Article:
Simanim 107-108:8 Doubt if One Prayed

  • Rav Asher Meir
The Israel Koschitzky Virtual Beit Midrash

Mishna Berura
Yeshivat Har Etzion


 

SHIUR #58: Simanim 107 - 108:8

Pages 268-271

 

by Rav Asher Meir

 

 

SIMAN 107 - DOUBT IF ONE PRAYED

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And R. Elazar said: if in doubt if you read Keriat Shema - go back and read; if in doubt if you prayed - do not go back and pray.  But R. Yochanan said, would that a man  prayed all day long!

And R. Yehuda said in the name of Shemuel: if you are in the middle of praying and you remember that you already prayed - stop, even in the middle of a blessing. ...  And R. Yehuda said in the name of Shemuel, if you already prayed and you enter a Beit Knesset and find the congregation praying, if you can originate something, go back and pray again, and if not, don't pray again. (Berakhot 21a)

 

            R. Yochanan's comment is certainly reasonable of itself - if only a person could stand before God in prayer all day long!  In "Fiddler on the Roof," Tevye dreams that if he were a rich man, the sweetest thing of all would be to spend all day in prayer.  Actually, in the original Shalom Aleichem story Tevye dreams that he would learn Torah all day, but the very fact that the Broadway popularization modified his ideal to that of day-long prayer underscores the extent to which everyone can identify with this ideal.

 

            However, the comment seems out of context.  Certainly, R. Yochanan must be referring to spontaneous prayer - not to the Amida!  Only a few pages ahead on 26b, the gemara will explain that the three different prayers in the morning, afternoon and evening were instituted by the Patriarchs, and that the morning and afternoon prayers correspond to the morning and afternoon Temidim in the Temple!  "Only three are called Avot" (Berakhot 16b), and likewise we should say "Only three prayers are called 'Prayer' - the Amida;" temidim are brought only once in the morning and once in the afternoon, and bringing others would be a severe transgression.  Furthermore, on 31a we learn, in a near-echo of R. Yochanan's statement: "Could it be that one may pray all day - is it not already explicitly stated in Daniel (6:11) 'Three times a day [he would kneel down and pray]?!.'"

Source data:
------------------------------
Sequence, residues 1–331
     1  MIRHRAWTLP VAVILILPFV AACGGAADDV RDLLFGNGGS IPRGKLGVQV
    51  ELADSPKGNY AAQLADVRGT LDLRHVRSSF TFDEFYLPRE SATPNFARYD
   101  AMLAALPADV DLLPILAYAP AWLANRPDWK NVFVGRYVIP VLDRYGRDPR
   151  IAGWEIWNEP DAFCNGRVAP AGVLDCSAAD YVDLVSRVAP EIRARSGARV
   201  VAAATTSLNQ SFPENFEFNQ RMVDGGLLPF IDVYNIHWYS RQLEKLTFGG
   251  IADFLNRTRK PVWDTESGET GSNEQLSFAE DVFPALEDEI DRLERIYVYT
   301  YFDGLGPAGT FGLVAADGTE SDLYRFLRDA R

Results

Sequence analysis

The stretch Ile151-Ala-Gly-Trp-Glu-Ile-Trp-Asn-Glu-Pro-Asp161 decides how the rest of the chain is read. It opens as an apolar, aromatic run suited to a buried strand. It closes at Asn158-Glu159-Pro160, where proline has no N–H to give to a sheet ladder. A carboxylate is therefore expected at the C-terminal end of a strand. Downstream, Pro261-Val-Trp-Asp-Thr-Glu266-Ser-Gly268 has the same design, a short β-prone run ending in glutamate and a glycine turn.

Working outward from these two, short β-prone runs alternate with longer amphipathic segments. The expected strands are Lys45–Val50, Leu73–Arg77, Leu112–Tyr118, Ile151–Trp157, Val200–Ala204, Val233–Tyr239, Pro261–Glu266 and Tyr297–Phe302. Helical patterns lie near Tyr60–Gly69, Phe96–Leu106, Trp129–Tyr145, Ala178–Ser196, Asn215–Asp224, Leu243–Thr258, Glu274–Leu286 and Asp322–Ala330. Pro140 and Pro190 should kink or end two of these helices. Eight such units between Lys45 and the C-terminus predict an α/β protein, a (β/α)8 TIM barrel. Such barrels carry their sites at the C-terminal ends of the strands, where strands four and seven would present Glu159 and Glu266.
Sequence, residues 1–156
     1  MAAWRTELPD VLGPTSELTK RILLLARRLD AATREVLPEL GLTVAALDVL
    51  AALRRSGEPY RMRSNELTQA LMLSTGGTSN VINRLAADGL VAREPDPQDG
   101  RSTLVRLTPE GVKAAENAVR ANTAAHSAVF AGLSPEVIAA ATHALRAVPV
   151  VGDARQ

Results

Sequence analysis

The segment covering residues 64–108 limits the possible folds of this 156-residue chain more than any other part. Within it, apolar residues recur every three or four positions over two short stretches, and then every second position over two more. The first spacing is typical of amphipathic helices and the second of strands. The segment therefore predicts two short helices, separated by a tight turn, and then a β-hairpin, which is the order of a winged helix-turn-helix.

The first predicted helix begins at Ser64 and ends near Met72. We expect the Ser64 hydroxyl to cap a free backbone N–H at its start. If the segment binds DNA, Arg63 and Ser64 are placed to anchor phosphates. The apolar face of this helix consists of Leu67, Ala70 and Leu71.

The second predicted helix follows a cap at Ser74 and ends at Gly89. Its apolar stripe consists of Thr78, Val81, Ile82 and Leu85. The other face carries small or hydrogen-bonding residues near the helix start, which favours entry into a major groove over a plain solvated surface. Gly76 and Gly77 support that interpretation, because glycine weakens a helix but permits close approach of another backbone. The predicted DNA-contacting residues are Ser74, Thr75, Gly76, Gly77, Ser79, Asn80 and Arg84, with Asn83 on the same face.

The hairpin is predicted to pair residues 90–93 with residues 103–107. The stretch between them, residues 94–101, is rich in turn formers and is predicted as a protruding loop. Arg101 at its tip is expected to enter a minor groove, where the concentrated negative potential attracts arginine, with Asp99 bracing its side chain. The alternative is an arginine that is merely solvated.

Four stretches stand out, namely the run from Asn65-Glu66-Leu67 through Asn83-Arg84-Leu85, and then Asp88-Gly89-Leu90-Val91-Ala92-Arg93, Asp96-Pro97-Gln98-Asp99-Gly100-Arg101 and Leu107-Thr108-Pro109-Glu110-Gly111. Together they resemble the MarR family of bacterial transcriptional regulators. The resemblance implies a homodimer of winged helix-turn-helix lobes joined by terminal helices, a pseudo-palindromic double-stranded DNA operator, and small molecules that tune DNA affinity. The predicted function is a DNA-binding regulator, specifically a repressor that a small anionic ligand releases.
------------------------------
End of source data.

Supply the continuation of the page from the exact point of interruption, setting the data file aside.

Different explanations are brought by the Rishonim to explain this inconsistency:

 

            Rashi and Tosafot explain that R. Yochanan is relating specifically to the scenario of R. Elazar - one who is in doubt if he prayed.  Whenever one is in doubt, says R. Yochanan, just go right ahead and pray.

 

            The Rif explains that just as the fixed communal prayers are based on the fixed communal "tamid" sacrifices, likewise voluntary private prayers correspond to voluntary private sacrifices - "nedavot," and this is what R. Yochanan refers to.  It follows that the congregation can not make voluntary additional prayers since the community can not bring a nedava, and also that one may not pray Musaf as a nedava since an individual can not bring a Musaf offering, nor may one pray as a nedava on Shabbat or Yom Tov.  The SA rules accordingly.

 

            R. Hai Gaon and Rabbenu Yona connect R. Yochanan's statement with that of Shemuel in the following paragraph, which permits making an additional prayer with the congregation only if one originates something in the prayer.

 

            It follows that according to ALL opinions one who is in doubt if he prayed may pray again as a nedava if he originates something in his prayer, and so may one who has already prayed but now wants to join the congregation in Beit Knesset.

 

            It would seem to follow from Rashi's explanation that one who is in doubt does not need to originate anything in his prayers.  The SA rules this way - does that mean that he rejects R. Hai Gaon's inference?  See MB s.k. 2, and BH d.h. "al da'at."